Themes are the fundamental and often universal ideas explored in a literary work.

The Competing Forces of Heaven and Hell

The Screwtape Letters is predicated on an eternal struggle between the forces of good and evil. These forces are represented by the opposing camps of Heaven and Hell, God and Satan, angels and devils. These letters are presented with the expectation that readers have a basic understanding of Christian beliefs, such as the story of the Fall. The story does not occur in the Bible, but in it, Satan (then called Lucifer) and a group of angelic followers rises up against God. God, who is all-powerful, casts them out of Heaven and into eternal damnation. As a consequence of being banished from Heaven, Satan and his forces strive to “win” souls to their cause by tempting them away from God and virtue, and into vice and sin. The struggle between Heaven and Hell that began with Satan’s uprising plays out as a competition for human souls. Though God is all-powerful, he allows humans to make their own decisions. Devils like Wormwood and Screwtape try to trick humans into making the wrong ones.

“Mere Christianity” versus “Christianity and…”

Late in The Screwtape Letters, Screwtape complains that the Patient’s love interest, the Woman, and her family are merely Christian. They practice basic Christian principles without turning their belief in God and Christian teachings into a fashion statement. Screwtape advises Wormwood to use the Woman’s family’s political interests to corrupt the Patient. Instead of being merely Christian, the Patient might start to practice “Christianity and...” Wormwood should make the Patient interested in movements like, for example, Christianity and the War, Christianity and Vegetarianism, Christianity and Animal Abuse. This model of Christianity, in which Christian teachings become a sidecar for fashionable political agendas, is a way for Hell to corrupt the positive influence of Christian teachings on people’s lives, a way to make Christians less Christian. Lewis uses Screwtape’s position to criticize the political trends of his day. He argues that Christianity is about the simple practice of virtue, justice, and Jesus’s teachings in the gospels.

Mere Christianity is also the title of one of C.S. Lewis’s other books, a book based on the radio talks that Lewis gave from 1942-1944 during World War II. These talks were written and delivered just after The Screwtape Letters appeared in the Guardian newspaper, between May and November of 1941. Mere Christianity is, to a large extent, an expansion of themes Lewis began to explore in The Screwtape Letters. Practicing mere Christianity doesn’t just mean avoiding political specification and fashionable trends. It also means steering clear of divisions within Christianity, such as the split between Protestant groups and the Catholic Church. he small points of distinctions between Christian groups, whether, for example, the Communion bread and wine are actually the body and blood of Christ or simply a representation of it, re relatively points of faith. In The Screwtape Letters, Lewis implies that these small distinctions are only a distraction from the true call of Christianity—the call to live rightly.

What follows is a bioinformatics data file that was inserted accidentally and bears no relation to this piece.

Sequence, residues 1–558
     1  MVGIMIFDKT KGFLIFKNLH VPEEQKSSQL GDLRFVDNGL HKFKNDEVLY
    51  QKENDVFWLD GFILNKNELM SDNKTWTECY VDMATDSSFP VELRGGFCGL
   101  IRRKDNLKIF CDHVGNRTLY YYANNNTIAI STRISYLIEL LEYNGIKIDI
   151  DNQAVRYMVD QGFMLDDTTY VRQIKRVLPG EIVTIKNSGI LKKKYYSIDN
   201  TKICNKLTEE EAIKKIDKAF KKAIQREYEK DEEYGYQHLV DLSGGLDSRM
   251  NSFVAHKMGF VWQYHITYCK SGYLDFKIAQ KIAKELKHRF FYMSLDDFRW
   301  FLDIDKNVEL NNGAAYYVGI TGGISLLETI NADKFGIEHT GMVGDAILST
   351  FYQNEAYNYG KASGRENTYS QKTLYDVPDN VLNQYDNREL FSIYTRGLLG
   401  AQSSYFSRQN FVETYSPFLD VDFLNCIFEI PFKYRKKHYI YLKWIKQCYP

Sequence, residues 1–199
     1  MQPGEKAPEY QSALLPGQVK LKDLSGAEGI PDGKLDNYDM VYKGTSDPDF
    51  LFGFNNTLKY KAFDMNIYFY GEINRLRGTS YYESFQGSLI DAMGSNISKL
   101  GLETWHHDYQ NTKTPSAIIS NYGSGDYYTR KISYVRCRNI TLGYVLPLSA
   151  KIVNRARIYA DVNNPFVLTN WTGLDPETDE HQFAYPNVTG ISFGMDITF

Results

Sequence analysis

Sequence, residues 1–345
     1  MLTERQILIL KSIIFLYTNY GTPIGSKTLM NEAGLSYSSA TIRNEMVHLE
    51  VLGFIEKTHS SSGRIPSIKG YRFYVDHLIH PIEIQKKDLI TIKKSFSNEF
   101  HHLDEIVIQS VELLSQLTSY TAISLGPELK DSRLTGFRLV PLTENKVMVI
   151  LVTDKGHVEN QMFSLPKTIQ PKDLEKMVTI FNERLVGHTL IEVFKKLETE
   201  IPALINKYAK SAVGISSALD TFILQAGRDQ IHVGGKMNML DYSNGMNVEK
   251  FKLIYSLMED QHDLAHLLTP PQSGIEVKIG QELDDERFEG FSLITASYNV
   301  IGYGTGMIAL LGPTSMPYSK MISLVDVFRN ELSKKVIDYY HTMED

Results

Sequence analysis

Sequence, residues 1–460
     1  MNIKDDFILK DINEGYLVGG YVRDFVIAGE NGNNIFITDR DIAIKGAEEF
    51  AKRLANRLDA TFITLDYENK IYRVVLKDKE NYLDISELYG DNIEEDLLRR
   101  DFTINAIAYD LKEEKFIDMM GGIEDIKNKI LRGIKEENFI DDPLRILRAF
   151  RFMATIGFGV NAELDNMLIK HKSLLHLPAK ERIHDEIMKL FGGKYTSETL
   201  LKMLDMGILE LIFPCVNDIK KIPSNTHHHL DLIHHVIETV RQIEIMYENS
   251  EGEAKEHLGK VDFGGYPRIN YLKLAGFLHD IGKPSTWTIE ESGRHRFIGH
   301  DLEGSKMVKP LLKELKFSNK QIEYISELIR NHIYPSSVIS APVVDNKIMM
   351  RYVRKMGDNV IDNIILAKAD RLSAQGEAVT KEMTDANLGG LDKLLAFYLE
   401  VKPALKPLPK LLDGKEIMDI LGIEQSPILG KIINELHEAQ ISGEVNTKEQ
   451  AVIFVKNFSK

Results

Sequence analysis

Satire as a Means for Education

The main literary device in The Screwtape Letters is satire. Satire is a literary mode in which an author makes light of commonly held beliefs or ideas by means of irony, humor, exaggeration, and ridicule. Irony occurs when an author suggests meanings or ideas that occur outside of the literal interpretation of his words. It is ironic, for example, that a devil, Screwtape, would accidentally give spiritual advice to the humans he means to tempt into Hell. Screwtape advises Wormwood to make sure the Patient does not think of his everyday obligations. Provided readers buy into the Christian pretext of The Screwtape Letters, they reinterpret Screwtape’s advice to mean something other than what Screwtape says. Instead of thinking how they can better tempt a soul into Hell, willing readers think of how they can better attend to their everyday obligations and, in so doing, thwart devilish temptation. For Wormwood, meanwhile, there is no irony in Screwtape’s suggestions. He is supposed to take Screwtape’s advice at face value. Interesting, then, that Screwtape fails to educate Wormwood about how to tempt the Patient’s soul into Hell. One of the implicit arguments of The Screwtape Letters is that satire adds entertainment to advice, education more effective.